Pet Obesity: What Is It?
November 20, 2023
The number of obese or overweight adult dogs that veterinarians see in their practices is alarmingly rising. A healthy weight for your pet is a factor that will have a significant impact on their quality of life.
According to an RVC (Royal Veterinary College) survey, 1 in 14 dogs are diagnosed as overweight by their veterinarians each year.
Many pet owners with mobile pet grooming find it difficult to recognize when their animal is overweight. Knowing your pet’s optimal shape and having the ability to spot when they deviate from it are both crucial. To assist you in deciding if your pet is welcome in the city, we’ve prepared the Paws in the City handbook.
The ribs, pelvic bones, and spine of your pet are readily evident if they are underweight, and there is an obvious absence of body fat and muscular mass.
The ideal weight of your dog should allow you to easily see and feel the contour of their ribs from above, as well as their waist. When seen from the side, their tummy should be tucked in and not rounded or the same size as their chest.
Being overweight means having more body fat on their stomach, which is rounded when viewed from the side. no discernible waist when viewed from the top.
Your pet’s body condition can be graded by your veterinarian using the following system:
1 – Sluggish
2 – Being underweight and extremely
3 – Underweight with ribs and pelvic bones clearly visible
Ideal weight: 4/5
6 – 15% to 20% overweight
7 – Obese + 20-30%
8 – Obese + 30-45%
9 – Obese by at least 45%
What triggers obesity in pets?
Your pet may be more likely to become obese due to a number of causes. Many people believe that a pet’s weight can only be affected by nutrition and lack of activity. However, the following factors also affect your pet’s likelihood of developing obesity:
Breed of your pet
Age: As your pet ages, they are increasingly vulnerable.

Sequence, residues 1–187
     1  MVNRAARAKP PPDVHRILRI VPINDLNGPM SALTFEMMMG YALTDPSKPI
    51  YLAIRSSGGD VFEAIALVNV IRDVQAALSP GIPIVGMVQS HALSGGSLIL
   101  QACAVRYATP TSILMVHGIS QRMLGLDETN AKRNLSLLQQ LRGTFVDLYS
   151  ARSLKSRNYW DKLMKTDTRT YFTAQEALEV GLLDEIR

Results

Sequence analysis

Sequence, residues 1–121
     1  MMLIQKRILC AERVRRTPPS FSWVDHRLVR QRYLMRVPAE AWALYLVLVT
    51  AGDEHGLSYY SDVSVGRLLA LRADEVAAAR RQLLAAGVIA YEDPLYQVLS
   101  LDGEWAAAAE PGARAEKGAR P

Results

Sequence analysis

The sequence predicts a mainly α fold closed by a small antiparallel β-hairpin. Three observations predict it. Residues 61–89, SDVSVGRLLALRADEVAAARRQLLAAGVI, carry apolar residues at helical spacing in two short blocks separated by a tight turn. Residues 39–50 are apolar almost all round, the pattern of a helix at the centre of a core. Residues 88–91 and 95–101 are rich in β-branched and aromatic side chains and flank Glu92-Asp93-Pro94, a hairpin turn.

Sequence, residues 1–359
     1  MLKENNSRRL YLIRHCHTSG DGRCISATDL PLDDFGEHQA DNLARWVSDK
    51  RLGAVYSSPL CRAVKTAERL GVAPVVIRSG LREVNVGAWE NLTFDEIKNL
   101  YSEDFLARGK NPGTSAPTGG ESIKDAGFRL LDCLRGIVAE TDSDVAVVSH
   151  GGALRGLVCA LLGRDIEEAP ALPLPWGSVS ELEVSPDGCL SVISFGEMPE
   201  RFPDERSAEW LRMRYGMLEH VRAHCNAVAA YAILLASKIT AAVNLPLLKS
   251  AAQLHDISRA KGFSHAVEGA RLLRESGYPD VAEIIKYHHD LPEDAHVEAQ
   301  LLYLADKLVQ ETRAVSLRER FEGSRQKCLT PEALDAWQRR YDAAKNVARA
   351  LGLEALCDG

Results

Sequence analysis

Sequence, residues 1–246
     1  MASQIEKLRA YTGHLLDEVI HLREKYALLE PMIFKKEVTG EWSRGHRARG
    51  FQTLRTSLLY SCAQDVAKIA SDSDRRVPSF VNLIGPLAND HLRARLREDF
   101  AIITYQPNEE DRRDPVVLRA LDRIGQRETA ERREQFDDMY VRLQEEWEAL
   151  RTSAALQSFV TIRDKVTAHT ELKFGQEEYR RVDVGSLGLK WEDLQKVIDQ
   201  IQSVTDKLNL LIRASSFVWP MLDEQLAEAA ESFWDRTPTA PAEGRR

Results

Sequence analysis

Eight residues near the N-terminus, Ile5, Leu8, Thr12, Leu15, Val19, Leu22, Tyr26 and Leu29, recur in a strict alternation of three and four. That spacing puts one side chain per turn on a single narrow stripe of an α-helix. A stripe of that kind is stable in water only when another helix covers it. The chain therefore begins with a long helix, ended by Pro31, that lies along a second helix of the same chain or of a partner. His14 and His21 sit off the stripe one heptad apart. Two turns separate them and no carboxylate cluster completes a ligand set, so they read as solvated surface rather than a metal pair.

Regardless of whether they were neutered, neutered animals are more vulnerable.
Sex – According to the RSCPA, female pets are more likely to be obese than male pets.
The pet owner’s weight affects how much they exercise their pet since an obese pet owner is less likely to give their pet enough exercise.
What risks may overweight pets pose?
If your pet is overweight, they run a higher chance of developing certain health issues and are probably going to live shorter lives.
In addition to being an issue in and of itself, your pet’s weight may also be a sign of a more serious underlying ailment that is bringing about these physical changes.
Your pet is more likely to develop illnesses like the following if they are overweight:
- elevated blood pressure
- Heart condition
- discomfort in the lungs
In hot weather, a pet who is overweight is far more likely to experience heat stroke. Make sure you provide your dog with cool, shaded spaces during hot weather or when you are out for a walk.
If you overlook the extra weight on your pet’s joints, it could develop arthritis. Your doctor can suggest suitable workouts to start the weight loss process as the extra weight may be putting stress on the animal’s joints. It is illogical to anticipate that an obese, inactive pet will immediately begin engaging in high-impact or high-energy workouts like jogging or jumping. To prevent overexerting your pet and hurting them, we advise beginning with slow walking. Since swimming is regarded as a supportive treatment, it can be very useful to the joints of overweight pets.
Using a ramp can make it simpler to perform things like getting out of the car, getting on and off of furniture, and ascending stairs. Stair climbing may be physically challenging for your pet, and such motions will put a lot of strain on their joints.
Please get in touch with Mobile pet grooming if you’re unsure whether your pet is the right weight for their breed and age. Our vet will conduct a health check on your pet and give you advice on the best food and activity plan to provide them.